A couple of days ago, I started telling people via social media about my career shift away from mostly social media stuff and towards (back to?) writing and editing. It’s not really a surprise to anyone who knew me before 2007 but so much has changed within that seemingly short amount of time that the shift seems like a new thing, rather than going back to an old thing. It’s not really enough of an issue to belabor the point, except that it does come as the footnote of a prolonged public (though personal) monologue about the role that these social technologies play in my personal and professional life.
I’ve never been shy about critiquing social media marketing or online culture (It’s one of the things that prompted Raizel and I to create The Learned Fangirl.) But I do want to clarify a couple of things, even though I don’t really think I should have to; no, i do not “hate” social media. Never have. My issues are a bit different.
Social media is a strange beast, even more so than blogging or e-mail or other kinds of communication online, it requires a certain level of emotional labor, whether you are posting your individual opinions or creating posts on behalf of an organization or company. What you put out on these channels exists in a gray area of personal expression and potential commodity, and in an age where individuals are expected to present their own selves as a potential commodity or a content/branding object to be consumed, that line becomes blurred even further.
If you happen to work in social media, particularly as a community manager, there’s another level of gray area that exists that adds to that “emotional labor” I mentioned before, but because passion and enthusiasm is so often part of the job description. To do the work, you not only create content, you live it. You assume the face of the brand, and in some cases, the soul.
And even though the party line of social media has been “be authentic” or “be yourself” or “be passionate,” in order to fully enjoy the benefits of living a social mediated life online, we so often see the pitfalls of that: the tension between workers and companies (or students and schools) when individual express potentially controversial opinions online, or companies that use and rely on user generated content but seek to control the voice and tenor of that content to the point that it’s indistinguishable from marketing, which of course defeats the purpose of looking to user content in the first place. Or more insidiously, the harassment that women and people or color specifically face when being open and honestly critical about some of the power imbalances of the tech industry, or online culture, or even geek culture. To be open, to be yourself, to be honest online means potentially making a target of yourself and depending how much of a marginalized person, that target gets bigger and bigger. So for those people, for people like myself, the emotional labor is multiplied.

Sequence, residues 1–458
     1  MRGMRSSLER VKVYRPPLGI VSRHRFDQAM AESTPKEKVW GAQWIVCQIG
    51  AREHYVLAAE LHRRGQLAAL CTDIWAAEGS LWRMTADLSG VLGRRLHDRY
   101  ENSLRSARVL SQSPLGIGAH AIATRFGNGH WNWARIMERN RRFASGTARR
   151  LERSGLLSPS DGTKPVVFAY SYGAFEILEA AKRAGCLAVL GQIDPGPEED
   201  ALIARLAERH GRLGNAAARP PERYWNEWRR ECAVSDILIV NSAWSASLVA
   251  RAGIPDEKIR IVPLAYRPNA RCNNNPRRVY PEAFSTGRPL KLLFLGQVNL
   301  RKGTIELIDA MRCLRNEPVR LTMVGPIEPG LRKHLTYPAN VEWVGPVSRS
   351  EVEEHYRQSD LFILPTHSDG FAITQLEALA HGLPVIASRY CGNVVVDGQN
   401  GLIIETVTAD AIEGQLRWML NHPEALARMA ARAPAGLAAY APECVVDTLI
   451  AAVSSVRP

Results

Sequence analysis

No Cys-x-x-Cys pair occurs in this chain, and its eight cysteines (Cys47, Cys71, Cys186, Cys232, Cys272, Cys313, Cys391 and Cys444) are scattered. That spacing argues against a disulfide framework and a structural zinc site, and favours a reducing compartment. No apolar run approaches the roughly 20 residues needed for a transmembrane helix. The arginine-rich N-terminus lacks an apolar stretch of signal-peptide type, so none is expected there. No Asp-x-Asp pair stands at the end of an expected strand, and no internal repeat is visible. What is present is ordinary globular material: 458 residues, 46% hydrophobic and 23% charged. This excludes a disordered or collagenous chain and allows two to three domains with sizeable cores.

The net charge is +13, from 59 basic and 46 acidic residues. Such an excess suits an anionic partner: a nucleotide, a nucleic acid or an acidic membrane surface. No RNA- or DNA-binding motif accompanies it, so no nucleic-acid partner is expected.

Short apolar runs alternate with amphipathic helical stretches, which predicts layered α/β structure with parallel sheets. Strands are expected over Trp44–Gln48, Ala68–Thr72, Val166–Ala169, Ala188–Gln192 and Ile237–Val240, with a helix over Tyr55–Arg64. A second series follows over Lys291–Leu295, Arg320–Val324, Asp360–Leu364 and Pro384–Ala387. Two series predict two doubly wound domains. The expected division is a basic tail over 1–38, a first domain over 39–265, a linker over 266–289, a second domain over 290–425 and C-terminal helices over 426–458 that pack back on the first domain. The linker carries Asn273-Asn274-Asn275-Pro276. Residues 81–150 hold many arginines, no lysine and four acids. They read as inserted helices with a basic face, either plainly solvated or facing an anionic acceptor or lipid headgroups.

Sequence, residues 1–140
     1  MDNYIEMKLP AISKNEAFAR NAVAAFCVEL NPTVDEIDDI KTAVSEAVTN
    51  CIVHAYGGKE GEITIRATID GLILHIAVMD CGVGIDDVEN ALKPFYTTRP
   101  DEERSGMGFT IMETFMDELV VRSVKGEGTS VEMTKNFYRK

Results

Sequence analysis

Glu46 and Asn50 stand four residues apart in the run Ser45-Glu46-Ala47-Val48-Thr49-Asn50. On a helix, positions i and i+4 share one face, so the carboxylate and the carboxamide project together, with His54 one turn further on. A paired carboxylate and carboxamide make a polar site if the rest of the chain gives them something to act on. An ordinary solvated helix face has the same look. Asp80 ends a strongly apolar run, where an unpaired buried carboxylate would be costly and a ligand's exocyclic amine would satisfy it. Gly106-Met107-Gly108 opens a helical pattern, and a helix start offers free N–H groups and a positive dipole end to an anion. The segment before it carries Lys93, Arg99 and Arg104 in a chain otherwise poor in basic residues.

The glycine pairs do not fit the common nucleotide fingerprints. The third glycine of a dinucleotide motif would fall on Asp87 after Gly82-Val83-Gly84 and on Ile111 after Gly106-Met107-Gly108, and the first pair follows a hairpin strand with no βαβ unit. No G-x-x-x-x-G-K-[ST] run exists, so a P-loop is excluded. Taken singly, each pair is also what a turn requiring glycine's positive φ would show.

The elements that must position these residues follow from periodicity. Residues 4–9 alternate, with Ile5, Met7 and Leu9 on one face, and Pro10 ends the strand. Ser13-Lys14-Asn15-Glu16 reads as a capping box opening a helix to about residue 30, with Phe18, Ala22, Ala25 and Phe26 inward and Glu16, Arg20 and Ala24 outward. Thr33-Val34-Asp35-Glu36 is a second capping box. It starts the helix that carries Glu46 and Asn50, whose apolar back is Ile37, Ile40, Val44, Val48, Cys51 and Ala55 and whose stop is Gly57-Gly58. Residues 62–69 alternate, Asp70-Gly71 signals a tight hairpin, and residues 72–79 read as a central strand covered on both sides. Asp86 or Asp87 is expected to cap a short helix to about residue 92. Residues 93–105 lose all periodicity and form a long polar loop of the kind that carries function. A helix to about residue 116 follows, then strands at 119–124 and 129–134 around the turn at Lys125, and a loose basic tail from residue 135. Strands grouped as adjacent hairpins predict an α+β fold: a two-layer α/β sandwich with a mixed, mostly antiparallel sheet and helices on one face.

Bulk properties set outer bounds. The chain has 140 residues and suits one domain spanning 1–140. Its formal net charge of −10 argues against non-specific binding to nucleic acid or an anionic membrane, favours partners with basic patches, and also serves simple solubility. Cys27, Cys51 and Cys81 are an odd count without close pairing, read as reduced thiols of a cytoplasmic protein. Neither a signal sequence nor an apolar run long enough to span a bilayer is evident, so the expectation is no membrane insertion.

Still, I don’t “hate” social media, I see so much potential with it, that it frustrates me to no end to see it squandered in a feedback loop of clickbait and outrage and insults. Social media can exist as public square, a public marketplace, and a megaphone for some.There’s a gray area between private and public selves on social, or personal and organizational selves, yet the divide still exists to benefit the status quo and the same power structures and inequity. To speak publicly, and honestly about this issues isn’t about hating social media, but about wanting more from it.